It’s hard for me to be happy again around Easter. Jesus just got done being dead, we just got done mourning! And now we are supposed to be happy? I wrote about this before, but I see Jesus continuing to die and be resurrected — continuous births and deaths of Christ.
Look. We can make statements later, as we try to figure out what sacrifice means, that Jesus was beautiful in his deformity, and the blood turned into roses. But I’m betting the early companions didn’t see it that way. We can play this game all afternoon — what did Jesus do? what did he think? what would his companions really think? — and get nowhere. But the death was real. It IS real. And the survivors had to pick up the pieces and figure out what Jesus meant to them. It doesn’t seem like sunshine and hymns. It seems messy. Even the Resurrection seems messy to me. What about knowing your dear friend or son or teacher is dead, and then suddenly seeing him again? And they didn’t really know that he was conquering life and all, that was added in later Christianity. His companions wanted Jesus to stick around with them as long as possible. So when he left again, ascended into Heaven, it seems like they were at some sort of loss.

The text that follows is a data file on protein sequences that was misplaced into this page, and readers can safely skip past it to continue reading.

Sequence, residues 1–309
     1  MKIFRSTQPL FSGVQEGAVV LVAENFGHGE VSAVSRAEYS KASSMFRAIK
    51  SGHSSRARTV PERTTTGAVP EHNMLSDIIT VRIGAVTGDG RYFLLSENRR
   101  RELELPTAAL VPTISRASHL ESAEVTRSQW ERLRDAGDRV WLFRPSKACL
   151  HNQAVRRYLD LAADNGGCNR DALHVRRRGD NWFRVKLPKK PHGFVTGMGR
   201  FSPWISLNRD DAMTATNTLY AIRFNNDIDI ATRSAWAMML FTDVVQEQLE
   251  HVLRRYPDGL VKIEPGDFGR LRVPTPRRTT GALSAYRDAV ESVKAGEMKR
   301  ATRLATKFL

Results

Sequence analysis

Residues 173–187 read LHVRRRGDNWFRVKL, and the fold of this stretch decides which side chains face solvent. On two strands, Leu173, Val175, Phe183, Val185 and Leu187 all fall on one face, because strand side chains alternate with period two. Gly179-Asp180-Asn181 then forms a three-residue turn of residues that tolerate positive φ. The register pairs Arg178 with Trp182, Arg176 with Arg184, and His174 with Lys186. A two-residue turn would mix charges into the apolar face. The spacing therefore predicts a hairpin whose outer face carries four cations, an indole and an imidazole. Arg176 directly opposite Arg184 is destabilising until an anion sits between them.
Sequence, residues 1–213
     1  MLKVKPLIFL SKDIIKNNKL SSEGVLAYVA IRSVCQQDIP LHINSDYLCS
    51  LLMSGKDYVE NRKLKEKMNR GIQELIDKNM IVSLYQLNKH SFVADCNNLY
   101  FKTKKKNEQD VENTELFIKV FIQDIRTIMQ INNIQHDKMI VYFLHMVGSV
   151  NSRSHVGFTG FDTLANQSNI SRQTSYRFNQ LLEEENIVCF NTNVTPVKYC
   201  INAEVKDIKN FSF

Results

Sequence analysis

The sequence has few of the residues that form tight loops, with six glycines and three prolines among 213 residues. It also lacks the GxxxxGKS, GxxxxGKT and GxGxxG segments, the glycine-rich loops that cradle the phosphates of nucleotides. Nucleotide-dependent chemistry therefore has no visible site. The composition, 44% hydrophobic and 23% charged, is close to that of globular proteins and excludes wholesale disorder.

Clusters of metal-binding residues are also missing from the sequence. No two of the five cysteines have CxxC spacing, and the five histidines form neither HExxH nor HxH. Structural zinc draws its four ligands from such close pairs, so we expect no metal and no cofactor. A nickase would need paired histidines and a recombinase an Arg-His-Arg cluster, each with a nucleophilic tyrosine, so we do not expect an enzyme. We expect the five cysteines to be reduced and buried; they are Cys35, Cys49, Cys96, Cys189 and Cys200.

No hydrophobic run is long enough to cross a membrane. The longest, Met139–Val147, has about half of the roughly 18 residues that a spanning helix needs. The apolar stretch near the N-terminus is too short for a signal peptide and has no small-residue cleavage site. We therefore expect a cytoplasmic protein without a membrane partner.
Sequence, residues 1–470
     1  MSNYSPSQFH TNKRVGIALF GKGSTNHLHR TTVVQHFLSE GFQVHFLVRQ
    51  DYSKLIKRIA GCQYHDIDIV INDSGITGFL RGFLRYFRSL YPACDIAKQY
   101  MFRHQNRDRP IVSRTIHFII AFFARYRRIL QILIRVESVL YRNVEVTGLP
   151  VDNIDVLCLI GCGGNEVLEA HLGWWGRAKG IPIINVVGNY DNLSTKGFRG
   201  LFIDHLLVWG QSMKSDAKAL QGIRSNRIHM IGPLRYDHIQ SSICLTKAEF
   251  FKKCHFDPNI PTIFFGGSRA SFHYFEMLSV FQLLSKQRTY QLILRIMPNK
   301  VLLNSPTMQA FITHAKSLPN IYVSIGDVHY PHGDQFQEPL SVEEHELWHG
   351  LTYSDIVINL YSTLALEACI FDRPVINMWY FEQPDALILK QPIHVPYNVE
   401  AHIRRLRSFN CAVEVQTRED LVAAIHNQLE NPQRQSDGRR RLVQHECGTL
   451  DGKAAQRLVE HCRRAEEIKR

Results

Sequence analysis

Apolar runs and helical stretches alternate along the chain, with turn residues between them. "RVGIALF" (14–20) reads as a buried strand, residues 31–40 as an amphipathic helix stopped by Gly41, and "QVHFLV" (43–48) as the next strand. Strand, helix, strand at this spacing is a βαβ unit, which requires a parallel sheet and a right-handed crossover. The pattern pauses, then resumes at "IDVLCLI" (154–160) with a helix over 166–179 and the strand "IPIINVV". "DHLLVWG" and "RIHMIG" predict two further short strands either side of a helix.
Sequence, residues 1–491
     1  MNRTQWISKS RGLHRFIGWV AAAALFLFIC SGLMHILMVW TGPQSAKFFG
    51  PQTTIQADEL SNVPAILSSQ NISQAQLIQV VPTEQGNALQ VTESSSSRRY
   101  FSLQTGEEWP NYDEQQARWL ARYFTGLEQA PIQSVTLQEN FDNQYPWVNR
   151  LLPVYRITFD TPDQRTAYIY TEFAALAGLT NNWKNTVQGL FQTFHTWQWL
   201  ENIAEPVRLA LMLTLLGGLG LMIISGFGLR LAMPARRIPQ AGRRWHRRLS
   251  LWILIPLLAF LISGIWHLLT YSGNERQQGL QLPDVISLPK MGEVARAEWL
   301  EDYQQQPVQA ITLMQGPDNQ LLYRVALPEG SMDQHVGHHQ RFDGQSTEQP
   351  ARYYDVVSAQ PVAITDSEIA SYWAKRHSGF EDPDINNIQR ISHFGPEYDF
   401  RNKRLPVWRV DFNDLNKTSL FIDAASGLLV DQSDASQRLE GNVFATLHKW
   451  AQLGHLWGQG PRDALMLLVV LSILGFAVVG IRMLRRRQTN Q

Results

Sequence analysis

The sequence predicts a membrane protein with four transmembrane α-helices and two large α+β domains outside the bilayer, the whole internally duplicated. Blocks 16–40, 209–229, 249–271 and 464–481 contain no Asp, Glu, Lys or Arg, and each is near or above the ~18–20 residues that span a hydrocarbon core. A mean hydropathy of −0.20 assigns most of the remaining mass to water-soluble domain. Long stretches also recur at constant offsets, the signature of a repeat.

Do you know that in Spanish Catholic writings, there are stories of Mary being with Jesus at the cross, every step of the way — even her being crucified on the cross instead of Jesus? It’s not a one-day mentality, this sort of loss of a child. It’s not a puzzle that can be solved by Easter Sunday. It’s the continuous rebirth and rebirth of grief — of the survivors — and of (re)telling the story of Jesus…stories of which began to form Christianity.
I struggle with the crucifixion as a metaphor — but I think it boils down to cycles. The other thing the crucifix offers is hope. The how-dare-you rise above that shit! How dare you come back swinging. So while I don’t think Jesus conquered death and created us all in a New Covenant as Christians, he taught us how to remember, mourn at our own pace, and hold out a little hope.